Mansfield Park by Jane Austen: Keeping

Northanger Abbey by Jane Austen: Keeping

Persuasion by Jane Austen: Keeping

Pride and Prejudice (LBD edition!) by Jane Austen: Keeping

Sense and Sensibility by Jane Austen: Keeping

Pride and Prejudice and Zombies by Jane Austen and Seth Grahame: Need to Reread

Pride and Prejudice and Zombies graphic novel by Jane Austen and Set Graham: Chase's

Red Queen by Victoria Aveyard: Need to read

Illusions by Richard Bach: Chase's

Goblinproofing Your Chicken Coop by Something Bakeley: Chase's

Chasing Vermeer by Blue Balliott: Need to Reread

The Wright 3 by Blue Balliott: Need to Reread

Peter Pan by JM Barrie: Need to Reread

I should fly through this shelf pretty quickly because while there are 14 books in this round, Chase owns three of them, and I'm not doing a Jane Austen reread. Someday I should, but today is not that day. There's no question that my Jane Austen is staying.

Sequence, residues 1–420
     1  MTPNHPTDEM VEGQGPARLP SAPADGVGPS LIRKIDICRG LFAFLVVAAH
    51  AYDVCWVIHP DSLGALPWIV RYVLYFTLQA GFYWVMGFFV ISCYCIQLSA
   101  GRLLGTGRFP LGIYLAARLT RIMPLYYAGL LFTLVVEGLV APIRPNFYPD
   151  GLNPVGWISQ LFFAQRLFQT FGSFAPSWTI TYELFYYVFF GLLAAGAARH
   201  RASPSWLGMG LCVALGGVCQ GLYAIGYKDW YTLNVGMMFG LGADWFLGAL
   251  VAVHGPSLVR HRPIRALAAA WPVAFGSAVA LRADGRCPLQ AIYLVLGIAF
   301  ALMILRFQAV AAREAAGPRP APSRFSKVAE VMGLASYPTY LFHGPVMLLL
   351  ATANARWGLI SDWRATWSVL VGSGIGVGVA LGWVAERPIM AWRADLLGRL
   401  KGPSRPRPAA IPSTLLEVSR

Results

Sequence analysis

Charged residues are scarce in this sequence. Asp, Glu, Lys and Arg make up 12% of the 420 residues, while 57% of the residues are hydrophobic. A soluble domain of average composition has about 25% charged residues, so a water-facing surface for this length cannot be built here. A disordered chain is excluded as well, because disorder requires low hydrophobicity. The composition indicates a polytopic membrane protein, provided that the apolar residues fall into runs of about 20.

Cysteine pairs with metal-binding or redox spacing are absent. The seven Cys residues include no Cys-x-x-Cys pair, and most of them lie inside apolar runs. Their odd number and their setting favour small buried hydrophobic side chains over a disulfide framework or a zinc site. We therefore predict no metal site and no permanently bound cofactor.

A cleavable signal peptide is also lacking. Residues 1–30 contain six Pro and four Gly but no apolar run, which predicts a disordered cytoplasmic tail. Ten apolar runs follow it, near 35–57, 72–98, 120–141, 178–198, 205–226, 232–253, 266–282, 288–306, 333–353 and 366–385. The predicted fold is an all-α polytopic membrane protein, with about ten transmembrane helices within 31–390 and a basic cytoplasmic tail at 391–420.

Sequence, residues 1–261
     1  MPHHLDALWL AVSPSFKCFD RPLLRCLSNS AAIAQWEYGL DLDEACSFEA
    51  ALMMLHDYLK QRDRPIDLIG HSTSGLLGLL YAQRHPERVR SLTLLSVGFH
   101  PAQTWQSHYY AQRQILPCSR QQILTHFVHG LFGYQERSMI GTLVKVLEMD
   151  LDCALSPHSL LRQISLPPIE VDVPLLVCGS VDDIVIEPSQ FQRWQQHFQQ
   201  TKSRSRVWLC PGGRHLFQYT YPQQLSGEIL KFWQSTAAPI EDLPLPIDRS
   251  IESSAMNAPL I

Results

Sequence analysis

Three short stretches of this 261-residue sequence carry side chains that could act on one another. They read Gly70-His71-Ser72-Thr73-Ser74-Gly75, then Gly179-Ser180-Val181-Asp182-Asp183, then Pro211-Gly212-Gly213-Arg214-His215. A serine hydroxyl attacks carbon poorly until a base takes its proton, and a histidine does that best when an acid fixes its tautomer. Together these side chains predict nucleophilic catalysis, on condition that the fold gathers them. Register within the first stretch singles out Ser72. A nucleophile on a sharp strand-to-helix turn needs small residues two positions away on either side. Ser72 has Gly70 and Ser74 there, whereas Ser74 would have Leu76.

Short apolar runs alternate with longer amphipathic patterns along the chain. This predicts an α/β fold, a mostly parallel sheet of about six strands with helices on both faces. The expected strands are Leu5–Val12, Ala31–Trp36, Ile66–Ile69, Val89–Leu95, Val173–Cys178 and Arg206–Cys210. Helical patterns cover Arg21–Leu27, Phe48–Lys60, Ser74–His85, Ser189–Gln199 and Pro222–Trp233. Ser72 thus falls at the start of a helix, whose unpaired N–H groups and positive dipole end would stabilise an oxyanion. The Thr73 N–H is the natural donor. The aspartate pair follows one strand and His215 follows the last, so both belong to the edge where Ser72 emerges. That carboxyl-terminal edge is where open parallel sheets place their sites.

I have a couple work books and Teen Lit Rocks books I need to read through next, so I should be picking this round up with Pride and Prejudice and Zombies here in about a week!

TGBC: Round One Wrap Up

I finished Round One!


Wow! I'm impressed, though I say it myself.

Titles and Statuses:

Nettie and Nellie Crook: Orphan Train by EF Abbott: Read, giving away
Sybil Ludington: Revolutionary War Rider by EF Abbott: Read, giving away
The Collected Hitchhiker's Guide by Douglas Adams: Chase's, keeping (I am making him make decisions whenever I get to one of his books, BTW)